Race to the Cloud: TSIA Members Quickly Adopting Cloud Solutions

If I were to look into my crystal ball and predict which future piece of TSIA research will be the most downloaded article in Q4 2010, my guess is the report my research peer Tim Flannery will publish based on his upcoming session at our Las Vegas Technology Services World (TSW) Conference, “The Cloudprem Checklist: What You Need to Know Before Transitioning from On-Premise to Cloud Service Offerings.” From what I’m hearing, software vendors who have not already made the move to the cloud are being pushed to do so by both customers and prospects. Some are introducing ‘cloud’ pricing for their on-premise tools, which essentially is financing the cost of the deployment over a number of years, with monthly payments similar to OnDemand subscription pricing schemes. Tim has been talking to a lot of companies that have made the move to the cloud, and I’m sure there will be some great lessons on what to do…and what NOT to do.

The report, “Cloudprem: What You Must Know Before Making the Transition from On-premise to Cloud-based (or, On-demand) Services,” which will be published on October 19th to coincide with Tim’s conference presentation, includes an overview of what impacts to expect when moving to the cloud across services sales, services delivery, services operations, services engineering, services marketing and product engineering. I think this one section makes the report a “must read” for members, but there’s more great content in the report, including what questions to ask to assess readiness, and a very comprehensive list of support services functional area considerations.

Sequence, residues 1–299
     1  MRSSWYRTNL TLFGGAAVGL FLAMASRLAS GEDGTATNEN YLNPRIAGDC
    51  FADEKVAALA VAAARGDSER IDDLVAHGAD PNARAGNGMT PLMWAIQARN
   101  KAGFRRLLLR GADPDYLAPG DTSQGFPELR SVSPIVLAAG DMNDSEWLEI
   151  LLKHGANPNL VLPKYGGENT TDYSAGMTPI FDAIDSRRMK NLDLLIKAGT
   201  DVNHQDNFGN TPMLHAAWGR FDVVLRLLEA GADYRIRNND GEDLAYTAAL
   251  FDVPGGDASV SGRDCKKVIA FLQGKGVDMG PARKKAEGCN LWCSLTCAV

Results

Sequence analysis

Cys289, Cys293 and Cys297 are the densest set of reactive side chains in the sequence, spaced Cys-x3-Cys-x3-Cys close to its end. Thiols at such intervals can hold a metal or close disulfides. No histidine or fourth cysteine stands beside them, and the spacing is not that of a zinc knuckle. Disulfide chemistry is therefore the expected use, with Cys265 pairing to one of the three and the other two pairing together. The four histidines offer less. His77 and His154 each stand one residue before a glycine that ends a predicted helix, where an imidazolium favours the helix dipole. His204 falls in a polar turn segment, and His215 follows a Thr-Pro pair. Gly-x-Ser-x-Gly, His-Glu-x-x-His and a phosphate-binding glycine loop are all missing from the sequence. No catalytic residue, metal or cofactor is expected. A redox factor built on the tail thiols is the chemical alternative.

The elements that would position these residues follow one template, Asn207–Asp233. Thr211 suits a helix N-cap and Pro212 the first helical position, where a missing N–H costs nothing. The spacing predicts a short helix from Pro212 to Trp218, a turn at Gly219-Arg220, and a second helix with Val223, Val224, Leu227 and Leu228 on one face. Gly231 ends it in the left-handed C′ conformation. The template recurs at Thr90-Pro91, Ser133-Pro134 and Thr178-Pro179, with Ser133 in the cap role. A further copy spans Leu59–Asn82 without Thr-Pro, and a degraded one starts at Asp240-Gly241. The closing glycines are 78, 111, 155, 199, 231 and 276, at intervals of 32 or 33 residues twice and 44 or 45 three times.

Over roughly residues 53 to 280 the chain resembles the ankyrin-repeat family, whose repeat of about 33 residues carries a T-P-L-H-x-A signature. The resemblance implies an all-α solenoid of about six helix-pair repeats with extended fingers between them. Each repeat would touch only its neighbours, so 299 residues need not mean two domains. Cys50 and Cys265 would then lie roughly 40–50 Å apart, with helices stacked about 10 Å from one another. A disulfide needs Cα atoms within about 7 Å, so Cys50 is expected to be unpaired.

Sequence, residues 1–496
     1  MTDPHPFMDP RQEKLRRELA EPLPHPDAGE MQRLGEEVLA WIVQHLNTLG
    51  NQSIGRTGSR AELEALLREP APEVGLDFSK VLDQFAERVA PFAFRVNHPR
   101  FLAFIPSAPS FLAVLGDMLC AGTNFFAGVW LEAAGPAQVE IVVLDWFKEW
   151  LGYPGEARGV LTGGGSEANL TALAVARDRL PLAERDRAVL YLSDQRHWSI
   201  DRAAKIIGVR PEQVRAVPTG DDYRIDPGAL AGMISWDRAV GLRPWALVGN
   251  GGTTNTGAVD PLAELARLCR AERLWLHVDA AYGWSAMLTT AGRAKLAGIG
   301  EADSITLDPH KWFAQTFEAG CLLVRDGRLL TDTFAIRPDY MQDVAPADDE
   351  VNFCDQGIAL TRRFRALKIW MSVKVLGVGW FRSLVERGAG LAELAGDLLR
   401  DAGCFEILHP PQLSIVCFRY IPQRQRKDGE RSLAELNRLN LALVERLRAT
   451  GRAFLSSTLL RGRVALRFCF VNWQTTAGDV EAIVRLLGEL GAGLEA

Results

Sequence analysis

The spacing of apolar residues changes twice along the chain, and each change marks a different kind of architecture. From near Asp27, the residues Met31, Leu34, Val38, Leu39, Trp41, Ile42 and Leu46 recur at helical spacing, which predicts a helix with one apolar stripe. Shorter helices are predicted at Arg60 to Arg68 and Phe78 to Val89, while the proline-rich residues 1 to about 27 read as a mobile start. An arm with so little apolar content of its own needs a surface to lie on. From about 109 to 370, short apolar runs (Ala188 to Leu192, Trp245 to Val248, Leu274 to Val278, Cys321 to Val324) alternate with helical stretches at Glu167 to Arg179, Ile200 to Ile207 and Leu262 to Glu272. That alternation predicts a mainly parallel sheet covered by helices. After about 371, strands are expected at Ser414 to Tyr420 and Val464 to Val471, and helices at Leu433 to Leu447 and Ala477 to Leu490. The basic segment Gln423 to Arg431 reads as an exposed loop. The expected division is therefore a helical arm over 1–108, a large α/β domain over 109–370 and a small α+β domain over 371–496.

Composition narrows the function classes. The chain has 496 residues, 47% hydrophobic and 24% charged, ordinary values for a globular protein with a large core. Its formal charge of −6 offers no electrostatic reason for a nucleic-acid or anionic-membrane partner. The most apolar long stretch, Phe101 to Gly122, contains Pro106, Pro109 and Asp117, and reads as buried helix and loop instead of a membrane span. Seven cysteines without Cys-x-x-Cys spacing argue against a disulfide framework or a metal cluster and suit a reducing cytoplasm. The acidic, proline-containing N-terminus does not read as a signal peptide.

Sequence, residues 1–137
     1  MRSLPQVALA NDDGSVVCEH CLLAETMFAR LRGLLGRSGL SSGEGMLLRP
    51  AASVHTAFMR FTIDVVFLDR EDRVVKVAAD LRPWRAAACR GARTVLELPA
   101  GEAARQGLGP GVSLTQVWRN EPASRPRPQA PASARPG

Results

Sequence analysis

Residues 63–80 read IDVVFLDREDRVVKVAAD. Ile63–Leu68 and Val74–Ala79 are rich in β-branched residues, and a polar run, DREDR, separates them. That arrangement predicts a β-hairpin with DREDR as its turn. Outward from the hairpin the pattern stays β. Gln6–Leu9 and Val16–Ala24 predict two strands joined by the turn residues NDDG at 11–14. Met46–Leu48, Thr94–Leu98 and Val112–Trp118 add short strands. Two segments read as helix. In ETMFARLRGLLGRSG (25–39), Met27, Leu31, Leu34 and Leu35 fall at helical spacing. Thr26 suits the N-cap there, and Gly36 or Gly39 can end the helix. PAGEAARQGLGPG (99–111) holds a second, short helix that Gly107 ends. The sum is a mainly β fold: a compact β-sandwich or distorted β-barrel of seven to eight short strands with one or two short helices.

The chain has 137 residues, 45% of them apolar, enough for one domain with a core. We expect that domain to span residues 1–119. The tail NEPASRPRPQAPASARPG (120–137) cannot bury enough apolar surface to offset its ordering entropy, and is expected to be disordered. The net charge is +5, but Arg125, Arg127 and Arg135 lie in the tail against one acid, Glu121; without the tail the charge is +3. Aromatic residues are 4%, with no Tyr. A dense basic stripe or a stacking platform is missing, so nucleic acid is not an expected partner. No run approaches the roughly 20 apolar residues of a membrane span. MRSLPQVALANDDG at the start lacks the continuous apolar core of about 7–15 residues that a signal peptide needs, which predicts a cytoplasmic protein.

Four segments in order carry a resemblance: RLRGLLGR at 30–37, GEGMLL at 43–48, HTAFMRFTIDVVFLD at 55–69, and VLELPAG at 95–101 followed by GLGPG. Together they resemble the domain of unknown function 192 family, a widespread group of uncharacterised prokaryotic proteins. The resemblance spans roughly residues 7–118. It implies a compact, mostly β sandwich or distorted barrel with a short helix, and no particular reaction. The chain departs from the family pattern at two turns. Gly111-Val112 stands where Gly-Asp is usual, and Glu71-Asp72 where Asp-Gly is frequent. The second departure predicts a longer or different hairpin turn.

As a proof point of cloud adoption, I was going back over my 2006 technology survey results, and in the most core of support technologies–incident management–only 13% of members were using an OnDemand/SaaS/Cloud solution. In the 2010 survey, that percent has risen to 25%–almost doubled. And, the top installed incident management product has changed from an OnPremise solution in 2006–Oracle Siebel CRM–to an OnDemand solution in 2010–Salesforce.com.

What impact is this having on technology infrastructures? In my view, it is creating an even more fragmented infrastructure, as IT continues to build out CRM/ERP deployments with OnPremise tools, and business users are bringing in OnDemand point solutions with overlapping functionality without doing the required integration work–handicapping both the CRM deployment AND the OnDemand deployment, impacting time to money for both.

Our TSW conference is just a few short weeks away, and I encourage all companies attending to send someone to Tim’s session, and be sure to download a copy of the report when it is published on the 19th. And as always, thanks for reading!

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